Using examples from his personal life that many teens may be able to relate to, if you know a teen that might benefit from a little wisdom, maybe something in this video might resonate.

While the overt themes of materialism, consumerism, superficiality or a related social issue/abstraction could make a nice pep talk or writing prompt, the whole premise could serve as a ‘cornerstone text’ for a personal identity essay or unit.

Wisdom For Teens: Hip-Hop Artist J. Cole On ‘The Disease Of More’; image attribution wikimediacommons


Chance The Rapper Is Starting An Awards Show For Teachers

Chance The Rapper Is Starting An Awards Show For Teachers?

by Ashley McCann

No one goes into teaching expecting fame or fortune — and if they do, they’re more likely to find themselves rich with disappointment instead of dollar bills.

While it’s true that teaching is a noble profession powered by good intentions (or at least should be), the reward of teaching lies in the personal pride of knowing that you’re making a difference and not for public recognition or riches for a job well done.

But what if we adored teachers like we cheer on athletes?

What if we valued their opinions like we do actors and actresses?

See also 52 Favorite Inspirational Quotes For Teachers

In a society that celebrates (and compensates) the looks, talent, or general marketability of celebrities, it’s almost laughable to envision a red carpet event for teachers. Oscar-like awards for superior Project-Based Learning lessons? A standing ovation for increasing attendance and student enthusiasm? Heck, we’d be impressed to get to a point of not paying out-of-pocket for classroom supplies — forget picking out gowns to impress paparazzi.

In an effort to give back to his community, Chance the Rapper has noticed this disparity and is working to improve it in his hometown of Chicago. Through his non-profit organization SocialWorks, designed to “inspire creativity, to build dreams, to let you be you,” he’s raised millions of dollars for public education, promoted programs to empower youth in creativity and leadership, distributed 30,000 backpacks full of school supplies, and his most recent — and interesting — endeavor is the education-focused Twilight Awards.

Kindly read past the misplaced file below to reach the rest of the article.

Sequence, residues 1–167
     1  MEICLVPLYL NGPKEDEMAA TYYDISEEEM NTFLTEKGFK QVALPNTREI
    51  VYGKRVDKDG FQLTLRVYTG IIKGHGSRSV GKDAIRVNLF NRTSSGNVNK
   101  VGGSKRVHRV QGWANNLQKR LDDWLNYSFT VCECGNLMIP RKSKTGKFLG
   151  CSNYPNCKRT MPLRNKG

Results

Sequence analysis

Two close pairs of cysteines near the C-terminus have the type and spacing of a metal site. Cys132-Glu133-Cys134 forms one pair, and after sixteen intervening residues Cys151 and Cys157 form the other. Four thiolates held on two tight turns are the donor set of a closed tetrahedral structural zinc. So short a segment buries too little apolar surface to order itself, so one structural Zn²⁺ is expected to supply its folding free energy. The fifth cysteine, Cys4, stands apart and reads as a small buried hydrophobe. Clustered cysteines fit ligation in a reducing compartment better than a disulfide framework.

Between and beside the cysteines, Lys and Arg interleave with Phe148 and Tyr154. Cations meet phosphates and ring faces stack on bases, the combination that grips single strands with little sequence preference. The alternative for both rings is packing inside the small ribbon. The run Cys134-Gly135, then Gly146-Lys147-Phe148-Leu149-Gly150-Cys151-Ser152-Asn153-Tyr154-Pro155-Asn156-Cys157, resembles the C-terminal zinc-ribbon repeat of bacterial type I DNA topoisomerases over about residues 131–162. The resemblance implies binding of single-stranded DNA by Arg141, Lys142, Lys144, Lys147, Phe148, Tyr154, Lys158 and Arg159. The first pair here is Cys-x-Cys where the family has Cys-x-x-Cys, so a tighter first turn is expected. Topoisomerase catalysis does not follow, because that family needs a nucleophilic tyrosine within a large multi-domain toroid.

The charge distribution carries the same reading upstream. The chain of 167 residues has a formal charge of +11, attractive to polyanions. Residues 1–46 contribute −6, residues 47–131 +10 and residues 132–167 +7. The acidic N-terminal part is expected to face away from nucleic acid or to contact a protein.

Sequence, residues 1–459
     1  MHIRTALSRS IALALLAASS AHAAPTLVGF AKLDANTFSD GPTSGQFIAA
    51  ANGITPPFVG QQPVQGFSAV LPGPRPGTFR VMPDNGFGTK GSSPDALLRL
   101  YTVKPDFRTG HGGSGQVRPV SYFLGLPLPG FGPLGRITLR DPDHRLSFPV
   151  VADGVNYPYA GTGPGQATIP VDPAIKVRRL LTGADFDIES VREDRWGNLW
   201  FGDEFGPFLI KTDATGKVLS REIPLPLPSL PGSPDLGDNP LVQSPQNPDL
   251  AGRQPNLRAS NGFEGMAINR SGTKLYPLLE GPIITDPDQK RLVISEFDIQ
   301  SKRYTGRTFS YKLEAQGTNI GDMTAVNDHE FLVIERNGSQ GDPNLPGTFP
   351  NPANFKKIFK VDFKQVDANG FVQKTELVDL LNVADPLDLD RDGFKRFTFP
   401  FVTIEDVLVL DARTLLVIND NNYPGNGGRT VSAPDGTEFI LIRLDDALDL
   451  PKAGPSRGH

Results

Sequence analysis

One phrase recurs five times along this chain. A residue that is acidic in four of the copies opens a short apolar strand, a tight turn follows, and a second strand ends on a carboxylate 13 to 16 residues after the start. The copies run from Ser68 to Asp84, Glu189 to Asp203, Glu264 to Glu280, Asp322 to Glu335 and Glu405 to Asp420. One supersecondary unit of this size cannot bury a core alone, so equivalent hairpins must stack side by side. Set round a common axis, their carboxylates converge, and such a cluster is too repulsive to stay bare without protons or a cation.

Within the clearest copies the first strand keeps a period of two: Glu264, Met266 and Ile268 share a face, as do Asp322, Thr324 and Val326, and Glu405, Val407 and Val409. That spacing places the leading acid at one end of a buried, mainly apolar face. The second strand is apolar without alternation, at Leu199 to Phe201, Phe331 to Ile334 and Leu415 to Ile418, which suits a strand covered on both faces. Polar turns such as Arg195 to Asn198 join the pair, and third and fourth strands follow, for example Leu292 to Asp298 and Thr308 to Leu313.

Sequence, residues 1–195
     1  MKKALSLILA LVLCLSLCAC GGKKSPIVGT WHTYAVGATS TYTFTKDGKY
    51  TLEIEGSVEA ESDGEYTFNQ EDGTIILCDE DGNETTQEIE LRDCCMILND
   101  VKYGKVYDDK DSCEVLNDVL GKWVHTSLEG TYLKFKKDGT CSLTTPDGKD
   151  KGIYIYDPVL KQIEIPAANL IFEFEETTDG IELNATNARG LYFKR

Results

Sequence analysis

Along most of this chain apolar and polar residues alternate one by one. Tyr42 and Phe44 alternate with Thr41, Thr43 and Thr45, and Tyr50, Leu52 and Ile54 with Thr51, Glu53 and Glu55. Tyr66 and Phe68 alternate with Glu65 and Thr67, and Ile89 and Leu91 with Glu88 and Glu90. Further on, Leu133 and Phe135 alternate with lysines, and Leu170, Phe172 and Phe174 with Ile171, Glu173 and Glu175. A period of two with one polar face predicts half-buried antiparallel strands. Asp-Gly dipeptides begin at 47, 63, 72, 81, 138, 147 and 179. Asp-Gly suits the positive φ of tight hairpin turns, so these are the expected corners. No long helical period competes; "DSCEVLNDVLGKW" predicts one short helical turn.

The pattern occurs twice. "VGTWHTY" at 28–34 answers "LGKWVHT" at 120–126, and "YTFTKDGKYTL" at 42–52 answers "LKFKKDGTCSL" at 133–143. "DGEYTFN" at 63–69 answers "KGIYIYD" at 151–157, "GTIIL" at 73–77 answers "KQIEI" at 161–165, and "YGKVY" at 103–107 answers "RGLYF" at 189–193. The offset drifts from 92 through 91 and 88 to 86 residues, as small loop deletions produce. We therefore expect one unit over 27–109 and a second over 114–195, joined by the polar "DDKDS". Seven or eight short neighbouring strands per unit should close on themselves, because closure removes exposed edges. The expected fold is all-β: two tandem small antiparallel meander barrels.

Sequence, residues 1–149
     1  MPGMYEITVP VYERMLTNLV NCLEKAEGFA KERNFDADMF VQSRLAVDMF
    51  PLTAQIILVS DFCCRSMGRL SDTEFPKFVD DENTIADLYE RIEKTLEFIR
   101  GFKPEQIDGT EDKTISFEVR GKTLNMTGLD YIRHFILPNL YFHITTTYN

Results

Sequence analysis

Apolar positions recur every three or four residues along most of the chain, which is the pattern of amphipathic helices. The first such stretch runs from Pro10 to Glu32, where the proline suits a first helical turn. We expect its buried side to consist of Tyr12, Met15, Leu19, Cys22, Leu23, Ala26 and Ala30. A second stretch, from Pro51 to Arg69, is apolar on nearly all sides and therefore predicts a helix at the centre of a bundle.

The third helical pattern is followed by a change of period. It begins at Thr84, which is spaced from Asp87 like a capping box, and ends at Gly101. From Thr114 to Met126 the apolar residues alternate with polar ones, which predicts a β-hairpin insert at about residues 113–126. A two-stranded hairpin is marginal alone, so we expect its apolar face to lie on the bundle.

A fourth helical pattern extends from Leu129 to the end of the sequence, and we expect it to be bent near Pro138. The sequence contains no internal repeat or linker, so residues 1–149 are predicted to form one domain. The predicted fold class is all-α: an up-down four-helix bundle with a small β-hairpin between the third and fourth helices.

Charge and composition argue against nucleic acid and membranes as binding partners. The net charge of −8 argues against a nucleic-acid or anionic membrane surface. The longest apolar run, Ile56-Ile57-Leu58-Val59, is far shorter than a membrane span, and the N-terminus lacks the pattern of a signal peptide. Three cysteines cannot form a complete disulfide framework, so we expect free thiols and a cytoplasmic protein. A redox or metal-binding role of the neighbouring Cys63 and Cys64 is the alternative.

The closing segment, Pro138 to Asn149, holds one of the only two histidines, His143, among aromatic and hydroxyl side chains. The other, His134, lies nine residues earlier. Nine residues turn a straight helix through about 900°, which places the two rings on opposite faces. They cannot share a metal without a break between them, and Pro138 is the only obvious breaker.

“In June of 2018,” he announced at a recent SocialWorks summit, “the City of Chicago will host the first-ever annual Twilight Awards, highlighting teachers, parents, principals and students that convey leadership.”

This isn’t some Thursday night awards ceremony in a school auditorium, either. Late-night CBS host (and Carpool Karaoke star) James Corden will be hosting a celebrity guest line-up where the focus is on educators and those who support them instead of performers.

At that same summit, Chance the Rapper also announced that SocialWorks had raised $2.2 million worth of grants to be distributed among 20 Chicago-area schools. Days earlier, he greeted customers and worked the grill at the newly opened PERi-PERi, after they pledged their first three days’ worth of food-related profit to a donation to SocialWorks, proving this is more than just good P.R. — it’s an endorsement and investment in public education and in the teachers who help shape the minds of the future.

Let’s hope this is a trend that catches on in Hollywood. There may not be fame and fortune in teaching, but some recognition and support is well-earned.

Chance The Rapper Is Starting An Awards Show For Teachers?


Video: A History Of Hip-Hop From 1979-2017

Video: A History Of Hip-Hop From 1979-2017

by Terry Heick

If you read TeachThought, you probably know that I love hip-hop.

As an art form, cultural marker, and musical genre, hip-hop is deep with story-telling, literary devices, creative wordplay, and more while, for some artists anyway, remaining a voice from the streets and for the streets.